Carmella Gray-Cosgrove: When anyone writes, they are writing characters into a tradition

April 2022

Congratulations on winning the 2021 BMO Winterset Award! First, and most importantly, at the Winterset readings you said you were watching Star Trek when you learned you’d been longlisted for the award. What Star Trek, exactly?
I can’t believe I revealed that in public! I’ve been having a really brutal pregnancy and The Next Generationhas been my balm. I just finished all seven seasons and I really think it might be the perfect show. I used to say that about Columbo, but it’s way more true of TNG. My friend Susie thinks it’s the hormones, but, if the sign of a good story is missing the characters when it’s over, TNG must be a great one because I’ve been in mourning my friends on the Enterprise since the last episode. I guess Deep Space Nine is next on the roster.

You’ve lived in Vancouver and Montreal, which provide settings for some of your stories. And you’ve also spoken of leaving these cities behind as homes. How does that feel – especially if you left knowing it was for good – and is St John’s home now?
It’s been a sad reality, especially accepting that Vancouver is no longer home. I spent the first 23 years of my life there and some of my dearest friends are still there. My favourite places in the world are in Vancouver and I would move back in a heartbeat if I could afford it. But I’ve lived in St John’s now for almost 12 years and I love it here and put down roots really quickly. I’ve made close friends and have such a beautiful community. My parents moved here in 2015, then my uncle and his partner moved here in 2018, and my partner’s whole family is here, so it’s hard to imagine leaving in any permanent way. I think the wildest thing has been having a kid here, and another one on the way. I never thought I would be raising Newfoundlanders!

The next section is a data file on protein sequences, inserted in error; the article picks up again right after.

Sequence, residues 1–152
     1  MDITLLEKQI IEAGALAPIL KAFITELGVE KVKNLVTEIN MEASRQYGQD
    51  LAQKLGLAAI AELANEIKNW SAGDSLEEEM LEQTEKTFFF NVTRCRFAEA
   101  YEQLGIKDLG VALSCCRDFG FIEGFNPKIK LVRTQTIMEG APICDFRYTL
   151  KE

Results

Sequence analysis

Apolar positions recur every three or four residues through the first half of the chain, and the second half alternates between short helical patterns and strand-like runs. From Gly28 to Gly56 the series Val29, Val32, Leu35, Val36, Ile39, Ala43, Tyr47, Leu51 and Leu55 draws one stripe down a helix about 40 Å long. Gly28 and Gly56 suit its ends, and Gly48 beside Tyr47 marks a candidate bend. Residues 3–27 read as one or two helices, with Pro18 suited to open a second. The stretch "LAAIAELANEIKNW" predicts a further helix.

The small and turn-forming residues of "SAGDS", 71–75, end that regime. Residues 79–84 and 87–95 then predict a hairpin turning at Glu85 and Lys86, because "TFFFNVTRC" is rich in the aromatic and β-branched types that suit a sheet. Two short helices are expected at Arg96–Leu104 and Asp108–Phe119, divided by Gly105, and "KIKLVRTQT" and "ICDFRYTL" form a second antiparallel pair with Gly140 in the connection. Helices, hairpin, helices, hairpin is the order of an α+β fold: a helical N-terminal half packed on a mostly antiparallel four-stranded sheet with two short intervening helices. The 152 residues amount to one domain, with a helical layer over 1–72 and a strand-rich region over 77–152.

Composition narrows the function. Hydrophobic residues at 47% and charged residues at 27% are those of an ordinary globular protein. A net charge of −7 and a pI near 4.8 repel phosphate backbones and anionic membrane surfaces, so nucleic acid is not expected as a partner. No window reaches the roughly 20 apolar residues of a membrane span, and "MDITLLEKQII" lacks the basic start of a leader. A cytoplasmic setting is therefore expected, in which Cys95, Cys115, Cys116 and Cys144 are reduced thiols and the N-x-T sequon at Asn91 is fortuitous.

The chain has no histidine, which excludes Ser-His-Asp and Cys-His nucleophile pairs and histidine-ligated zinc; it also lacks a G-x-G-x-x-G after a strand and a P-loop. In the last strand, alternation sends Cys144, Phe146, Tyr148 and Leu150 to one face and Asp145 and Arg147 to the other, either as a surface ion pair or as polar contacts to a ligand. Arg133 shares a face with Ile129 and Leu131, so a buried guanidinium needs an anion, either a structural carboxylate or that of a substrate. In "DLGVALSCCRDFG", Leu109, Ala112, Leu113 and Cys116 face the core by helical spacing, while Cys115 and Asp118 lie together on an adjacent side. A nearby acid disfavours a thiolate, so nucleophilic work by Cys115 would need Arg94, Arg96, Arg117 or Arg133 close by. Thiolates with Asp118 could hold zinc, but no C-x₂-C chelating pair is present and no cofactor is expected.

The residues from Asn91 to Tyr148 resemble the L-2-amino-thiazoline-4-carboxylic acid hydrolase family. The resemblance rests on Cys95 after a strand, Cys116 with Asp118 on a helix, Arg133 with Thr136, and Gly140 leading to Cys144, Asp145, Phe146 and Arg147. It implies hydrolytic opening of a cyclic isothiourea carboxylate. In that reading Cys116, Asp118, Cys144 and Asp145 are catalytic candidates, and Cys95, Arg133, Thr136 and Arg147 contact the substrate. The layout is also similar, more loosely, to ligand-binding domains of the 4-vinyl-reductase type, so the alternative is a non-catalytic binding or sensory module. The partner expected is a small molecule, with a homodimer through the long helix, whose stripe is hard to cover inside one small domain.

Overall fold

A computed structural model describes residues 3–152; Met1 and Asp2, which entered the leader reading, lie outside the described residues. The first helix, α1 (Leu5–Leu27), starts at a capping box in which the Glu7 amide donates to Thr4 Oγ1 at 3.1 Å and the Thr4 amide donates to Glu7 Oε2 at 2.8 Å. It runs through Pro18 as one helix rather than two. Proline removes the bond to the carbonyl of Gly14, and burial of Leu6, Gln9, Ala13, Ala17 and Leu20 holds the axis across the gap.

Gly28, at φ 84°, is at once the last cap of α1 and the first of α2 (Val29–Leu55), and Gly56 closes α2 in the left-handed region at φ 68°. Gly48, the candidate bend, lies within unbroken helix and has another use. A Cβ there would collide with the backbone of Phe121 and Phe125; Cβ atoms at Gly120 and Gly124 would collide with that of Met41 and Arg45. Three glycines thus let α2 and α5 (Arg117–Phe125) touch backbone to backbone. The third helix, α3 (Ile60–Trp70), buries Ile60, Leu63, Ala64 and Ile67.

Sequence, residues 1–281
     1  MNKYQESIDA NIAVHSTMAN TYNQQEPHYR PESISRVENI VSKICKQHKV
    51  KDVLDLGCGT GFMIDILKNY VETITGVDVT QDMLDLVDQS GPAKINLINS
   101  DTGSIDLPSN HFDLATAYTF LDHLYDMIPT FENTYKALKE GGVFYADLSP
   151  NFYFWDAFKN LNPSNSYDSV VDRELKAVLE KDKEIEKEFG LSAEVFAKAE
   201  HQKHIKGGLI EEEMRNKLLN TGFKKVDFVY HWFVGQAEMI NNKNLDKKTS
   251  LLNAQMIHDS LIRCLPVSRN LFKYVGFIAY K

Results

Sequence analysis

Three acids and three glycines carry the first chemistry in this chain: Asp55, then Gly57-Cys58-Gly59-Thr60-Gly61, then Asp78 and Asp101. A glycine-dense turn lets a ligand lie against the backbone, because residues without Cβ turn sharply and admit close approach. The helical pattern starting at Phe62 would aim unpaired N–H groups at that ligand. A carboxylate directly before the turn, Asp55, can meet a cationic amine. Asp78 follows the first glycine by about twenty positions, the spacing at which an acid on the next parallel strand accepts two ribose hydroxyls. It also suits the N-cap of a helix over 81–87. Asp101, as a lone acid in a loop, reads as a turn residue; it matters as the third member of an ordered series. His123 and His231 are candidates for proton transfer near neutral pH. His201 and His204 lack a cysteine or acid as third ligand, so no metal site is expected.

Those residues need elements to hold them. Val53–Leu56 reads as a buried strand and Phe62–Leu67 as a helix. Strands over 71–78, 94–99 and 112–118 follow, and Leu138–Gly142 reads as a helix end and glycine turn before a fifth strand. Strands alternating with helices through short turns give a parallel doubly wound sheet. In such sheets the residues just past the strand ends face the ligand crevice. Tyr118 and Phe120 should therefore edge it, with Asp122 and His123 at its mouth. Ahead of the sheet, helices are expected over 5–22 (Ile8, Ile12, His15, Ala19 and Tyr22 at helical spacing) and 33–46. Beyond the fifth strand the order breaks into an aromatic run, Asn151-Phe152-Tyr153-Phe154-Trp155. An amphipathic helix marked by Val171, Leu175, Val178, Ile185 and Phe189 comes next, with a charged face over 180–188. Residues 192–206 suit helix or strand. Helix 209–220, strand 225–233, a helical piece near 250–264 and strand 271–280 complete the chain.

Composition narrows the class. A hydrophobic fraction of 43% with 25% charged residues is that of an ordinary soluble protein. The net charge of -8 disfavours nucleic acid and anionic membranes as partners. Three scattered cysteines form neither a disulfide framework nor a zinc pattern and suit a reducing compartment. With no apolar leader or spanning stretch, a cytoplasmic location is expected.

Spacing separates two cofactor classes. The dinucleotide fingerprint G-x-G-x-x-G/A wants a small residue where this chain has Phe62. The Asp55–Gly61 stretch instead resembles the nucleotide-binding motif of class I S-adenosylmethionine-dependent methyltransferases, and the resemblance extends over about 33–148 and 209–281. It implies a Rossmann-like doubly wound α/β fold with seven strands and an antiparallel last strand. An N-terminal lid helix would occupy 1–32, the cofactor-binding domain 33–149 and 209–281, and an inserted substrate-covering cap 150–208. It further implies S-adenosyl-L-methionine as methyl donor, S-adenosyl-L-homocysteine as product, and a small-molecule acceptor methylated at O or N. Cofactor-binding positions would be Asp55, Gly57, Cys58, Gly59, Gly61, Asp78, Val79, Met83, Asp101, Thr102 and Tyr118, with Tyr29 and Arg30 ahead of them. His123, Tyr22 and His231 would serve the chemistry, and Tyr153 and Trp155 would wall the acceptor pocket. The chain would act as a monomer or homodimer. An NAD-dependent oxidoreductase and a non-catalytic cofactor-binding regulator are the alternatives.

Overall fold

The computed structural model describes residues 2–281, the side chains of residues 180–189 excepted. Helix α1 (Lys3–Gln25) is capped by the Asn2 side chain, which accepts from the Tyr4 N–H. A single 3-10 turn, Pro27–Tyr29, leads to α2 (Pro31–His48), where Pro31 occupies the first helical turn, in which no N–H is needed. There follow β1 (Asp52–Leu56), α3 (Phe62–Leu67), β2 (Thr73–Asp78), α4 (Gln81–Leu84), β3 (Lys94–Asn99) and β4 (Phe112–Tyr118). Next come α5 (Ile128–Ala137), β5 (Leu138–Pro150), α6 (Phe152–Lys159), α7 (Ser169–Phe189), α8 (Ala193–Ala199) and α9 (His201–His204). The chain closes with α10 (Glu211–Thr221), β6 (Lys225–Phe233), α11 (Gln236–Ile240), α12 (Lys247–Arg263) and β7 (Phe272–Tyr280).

I was really struck by what a nice “reveal” the book’s title is when you encounter it in the text. How did you select this title?
Thank you! That line really felt like a universal sentiment for all the characters in the book when I wrote it. For anyone who hasn’t read the book, the title comes in the text after a reference to Mrs Gereth, a character in The Spoils of Poynton, a Henry James novel I read years ago but that I think about often. I don’t even know if I remember the novel correctly, but in my memory Mrs Gereth is this acquisitive older woman who is absolutely consumed by her possessions. The objects she owns have come to define her completely and when I read the novel, I remember feeling this deep sadness about how ubiquitous this kind of materialism is. How inescapable it is that we all exist to varying degrees in the grips of capitalism, which I think is an undercurrent in all the stories in my collection. I think I also often imagine the characters in classics to be beyond anything I could ever write, but the reality is that when anyone writes, they are writing characters into a tradition and a conversation with all characters who have come before. No matter how small the book. As I wrote these stories, I imagined my characters as no different from anyone I’ve ever met in a book, but they are mostly nowadays, and definitely lonelier.